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On a 2.4L engine if the PCM receives a signal from the crank sensor & not from the cam sensor, and I have new sensors & good wiring, could the problem be a timing belt, wont start.

The car has no spark,ran find day before,next day start car,ran for a couple seconds & died.

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Yes the belt could be the problem, but you have provided so little information it is a guess at best.

Posted on Dec 20, 2016

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My 95 Jeep Grand Cherokee keeps shutting off while driving. Sometimes I can put it in neutral and restart the engine while rolling. Most times, not. After 5-10 minuets and as many times cranking, it will...


54 - Sync Pick-Up Signal Not Detected (Camshaft Position Sensor/Ignition Pickup). recheck to see if power to sensor. make sure wire is in good shape, to cam sensor. 11 - No Crank Reference Signal At Power control module, crank shaft sensor. check to see if your getting signal from pcm. Good-day!

May 20, 2014 | Cars & Trucks

2 Answers

Pcm?


PCM= Powertrain Control Module. It is the brains of the car, it reads the sensor in put from all sensors including the cam shaft position sensor

May 14, 2014 | 2004 Toyota 4Runner

1 Answer

No cam signal at pcm


Recheck the cam sensor and the wires that connect to it.

Feb 12, 2014 | 2001 Dodge Durango

1 Answer

WHAT IS THE CODE P0341


This P0341 code basically means that the powertrain control module (PCM) detected a problem with the camshaft signal. The camshaft position sensor (CPS) sends a specific signal to the PCM for Top Dead Center on the compression stroke as well as signals indicating the position of the cam sensor. This is accomplished through a reluctor wheel attached to the camshaft that passes by the cam sensor. Any time that the signal to the PCM is inconsistent with what the signal should be, this code is set. NOTE: this code can also be set by extended cranking periods.
FB.init("dd7d9e9681341cde77587bc6a2029f6f"); OBD-Codes.com on Facebook Symptoms The car will likely run with this code set, as it is often intermittent and also because the PCM can often operate the vehicle in "limp-in/limp-home" mode even with a cam sensor signal problem. There may be no noticeable symptoms other than:
  • Poor fuel economy (if engine runs)
  • Possible no start condition
Causes A code P0341 may mean that one or more of the following has happened:
  • Cam sensor wiring routed too close to spark plug wiring (causing interference)
  • Poor wiring connection at cam sensor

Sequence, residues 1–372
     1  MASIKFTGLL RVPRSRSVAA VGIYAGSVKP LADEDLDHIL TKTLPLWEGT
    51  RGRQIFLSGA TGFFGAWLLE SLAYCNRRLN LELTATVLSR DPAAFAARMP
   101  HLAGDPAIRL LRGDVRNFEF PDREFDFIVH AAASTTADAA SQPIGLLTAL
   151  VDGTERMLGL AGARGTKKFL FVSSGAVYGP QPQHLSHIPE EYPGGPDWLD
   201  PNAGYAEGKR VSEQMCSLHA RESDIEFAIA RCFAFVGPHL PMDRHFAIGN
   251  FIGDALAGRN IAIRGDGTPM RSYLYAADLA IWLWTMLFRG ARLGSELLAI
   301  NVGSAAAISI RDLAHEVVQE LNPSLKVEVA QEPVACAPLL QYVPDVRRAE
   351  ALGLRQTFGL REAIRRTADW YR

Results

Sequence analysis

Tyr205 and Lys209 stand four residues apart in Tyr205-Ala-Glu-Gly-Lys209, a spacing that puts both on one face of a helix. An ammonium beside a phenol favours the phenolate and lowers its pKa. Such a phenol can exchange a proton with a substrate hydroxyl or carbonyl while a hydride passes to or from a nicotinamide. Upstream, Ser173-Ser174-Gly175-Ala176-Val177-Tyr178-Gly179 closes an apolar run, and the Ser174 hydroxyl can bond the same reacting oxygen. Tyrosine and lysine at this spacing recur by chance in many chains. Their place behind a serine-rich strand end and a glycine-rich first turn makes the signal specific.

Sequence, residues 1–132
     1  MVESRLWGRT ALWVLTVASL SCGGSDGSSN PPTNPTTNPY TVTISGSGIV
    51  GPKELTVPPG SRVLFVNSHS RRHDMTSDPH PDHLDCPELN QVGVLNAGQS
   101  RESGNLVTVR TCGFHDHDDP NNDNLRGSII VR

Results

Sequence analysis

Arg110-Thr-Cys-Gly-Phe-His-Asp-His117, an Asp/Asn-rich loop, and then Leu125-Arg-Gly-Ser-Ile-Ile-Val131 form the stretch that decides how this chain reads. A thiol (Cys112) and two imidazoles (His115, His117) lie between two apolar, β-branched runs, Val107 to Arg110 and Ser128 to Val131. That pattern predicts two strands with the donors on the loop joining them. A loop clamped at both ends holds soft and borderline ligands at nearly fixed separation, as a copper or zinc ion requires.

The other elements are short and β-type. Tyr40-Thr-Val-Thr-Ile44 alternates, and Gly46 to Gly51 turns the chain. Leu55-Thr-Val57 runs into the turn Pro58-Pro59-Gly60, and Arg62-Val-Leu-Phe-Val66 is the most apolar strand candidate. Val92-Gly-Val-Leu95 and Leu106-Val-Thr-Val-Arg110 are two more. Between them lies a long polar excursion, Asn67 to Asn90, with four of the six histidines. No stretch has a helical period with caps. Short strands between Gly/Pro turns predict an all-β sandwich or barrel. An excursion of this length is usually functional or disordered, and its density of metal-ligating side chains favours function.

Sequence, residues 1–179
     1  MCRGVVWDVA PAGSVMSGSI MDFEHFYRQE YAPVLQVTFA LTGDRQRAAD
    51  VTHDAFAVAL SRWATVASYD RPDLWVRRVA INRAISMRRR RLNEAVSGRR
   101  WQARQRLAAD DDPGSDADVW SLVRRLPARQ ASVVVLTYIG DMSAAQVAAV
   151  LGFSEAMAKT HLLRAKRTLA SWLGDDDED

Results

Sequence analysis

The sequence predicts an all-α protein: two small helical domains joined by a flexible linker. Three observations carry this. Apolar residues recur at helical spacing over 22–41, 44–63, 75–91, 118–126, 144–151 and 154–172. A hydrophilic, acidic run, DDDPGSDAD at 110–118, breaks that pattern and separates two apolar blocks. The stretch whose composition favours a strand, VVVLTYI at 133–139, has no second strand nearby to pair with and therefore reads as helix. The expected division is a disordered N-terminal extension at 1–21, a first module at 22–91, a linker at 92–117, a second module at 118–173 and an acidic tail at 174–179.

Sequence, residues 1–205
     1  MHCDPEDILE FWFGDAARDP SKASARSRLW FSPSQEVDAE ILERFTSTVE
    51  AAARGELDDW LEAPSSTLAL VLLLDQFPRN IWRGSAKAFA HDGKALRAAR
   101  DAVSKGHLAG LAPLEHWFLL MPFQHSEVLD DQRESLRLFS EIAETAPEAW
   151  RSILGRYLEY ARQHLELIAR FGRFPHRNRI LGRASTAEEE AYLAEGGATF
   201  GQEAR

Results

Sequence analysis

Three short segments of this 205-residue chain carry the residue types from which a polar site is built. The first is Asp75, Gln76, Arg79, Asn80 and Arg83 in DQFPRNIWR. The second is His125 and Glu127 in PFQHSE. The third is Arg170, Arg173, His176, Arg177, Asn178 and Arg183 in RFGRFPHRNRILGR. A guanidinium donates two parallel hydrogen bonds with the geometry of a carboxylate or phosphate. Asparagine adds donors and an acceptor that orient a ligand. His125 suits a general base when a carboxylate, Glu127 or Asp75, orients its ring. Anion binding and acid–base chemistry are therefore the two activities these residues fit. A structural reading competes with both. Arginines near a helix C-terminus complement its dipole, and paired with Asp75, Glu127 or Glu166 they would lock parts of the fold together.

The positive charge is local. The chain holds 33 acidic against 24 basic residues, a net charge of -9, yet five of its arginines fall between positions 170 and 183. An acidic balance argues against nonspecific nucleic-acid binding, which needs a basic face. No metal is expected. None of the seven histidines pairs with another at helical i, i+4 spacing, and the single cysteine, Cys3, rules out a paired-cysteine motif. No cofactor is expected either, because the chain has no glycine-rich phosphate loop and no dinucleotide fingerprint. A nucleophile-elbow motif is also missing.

• Poor wiring connection at PCM
  • Bad cam sensor
  • Damaged reluctor wheel
Possible Solutions Often relacing the sensor fixes this code, but not necessarily. Therefore it's important to check the following:
  • Check that the wiring isn't routed too close to any secondary ignition components (coil, spark plug wires, etc.)
  • Visually inspect the wiring at the sensor for any burn marks, discoloration indicative of melting or chafing
  • Visually inspect the cam sensor for damage
  • Visually inspect the reluctor wheel through the cam sensor port (if possible) for any missing teeth or any damage
  • If reluctor isn't visible from outside the engine, visual test can only be done by removing cam shaft or intake manifold (depending on engine design)
  • If all checks out okay, then replace the sensor.
Related Camshaft Trouble Codes: P0340

Mar 07, 2012 | 1996 Saturn SL

1 Answer

96 vw golf p0341 error code


This P0341 code basically means that the powertrain control module (PCM) detected a problem with the camshaft signal. The camshaft position sensor (CPS) sends a specific signal to the PCM for Top Dead Center on the compression stroke as well as signals indicating the position of the cam sensor. This is accomplished through a reluctor wheel attached to the camshaft that passes by the cam sensor. Any time that the signal to the PCM is inconsistent with what the signal should be, this code is set. NOTE: this code can also be set by extended cranking periods.

Symptoms: The car will likely run with this code set, as it is often intermittent and also because the PCM can often operate the vehicle in "limp-in/limp-home" mode even with a cam sensor signal problem. There may be no noticeable symptoms other than:
Poor fuel economy (if engine runs)
Possible no start condition


A code P0341 may mean that one or more of the following has happened: